By Morris Mwaringa,
Kilifi county residents have been encouraged to take an early cancer screening to ascertain their cancer status before taking necessary precautions or treatment.
Philip Mwasirya the director of Mephi hospital emphasized that cancer kills when not treated in its early stages.
He made the remarks after a walk to mark world cancer day in Kilifi County.
Fathia Hussein, one of the cancer survivors in the area, said that early detection and treatment of the disease is very critical.
According to her she was able to survive after being treated when the disease was still in its initial stages.
Residents who took part in the event said there is a need for a regular free cancer screening for the people so that many will get the chance to know their condition.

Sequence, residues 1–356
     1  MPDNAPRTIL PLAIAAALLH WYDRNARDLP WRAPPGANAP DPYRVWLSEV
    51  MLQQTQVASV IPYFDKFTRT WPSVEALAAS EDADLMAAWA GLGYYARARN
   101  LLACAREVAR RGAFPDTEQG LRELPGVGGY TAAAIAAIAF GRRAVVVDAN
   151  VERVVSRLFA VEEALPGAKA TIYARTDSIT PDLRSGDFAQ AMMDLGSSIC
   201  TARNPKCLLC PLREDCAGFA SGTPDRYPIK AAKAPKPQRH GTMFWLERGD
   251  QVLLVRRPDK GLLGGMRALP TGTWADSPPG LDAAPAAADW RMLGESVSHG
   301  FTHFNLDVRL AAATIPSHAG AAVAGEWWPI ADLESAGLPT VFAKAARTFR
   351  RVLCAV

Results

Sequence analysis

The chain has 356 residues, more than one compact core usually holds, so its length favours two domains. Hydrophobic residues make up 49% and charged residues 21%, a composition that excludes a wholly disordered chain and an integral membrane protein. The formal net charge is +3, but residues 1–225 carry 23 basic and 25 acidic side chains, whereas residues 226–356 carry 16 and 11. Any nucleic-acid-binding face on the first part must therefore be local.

This year’s cancer day comes amid fears that global cancer cases will increase to 35 million by the year 2050. The world health organization’s cancer agency (WHO) estimates that by the end of the first half of the 21st century cases will have jumped by 77% over the number reported in 2022.
WHO’S (IARC) international Agency for Research on Cancer mentioned the use of tobacco and alcohol, obesity and poor air quality as the primary factors that contribute to the increase in the number of cases in the world.
The agency’s report, which is based on data from 185 countries and at least 36 types of cancer, said 9.7 million deaths from the disease were reported globally in 2022. One in five people is at risk of developing cancer in their lifetime according to the predictive data.
The agency’s report also cited the number of men dying from the disease to be higher than that of women. One in nine men are dying of cancer compared to about one in 12 women who die of the disease, the data from the agency showed.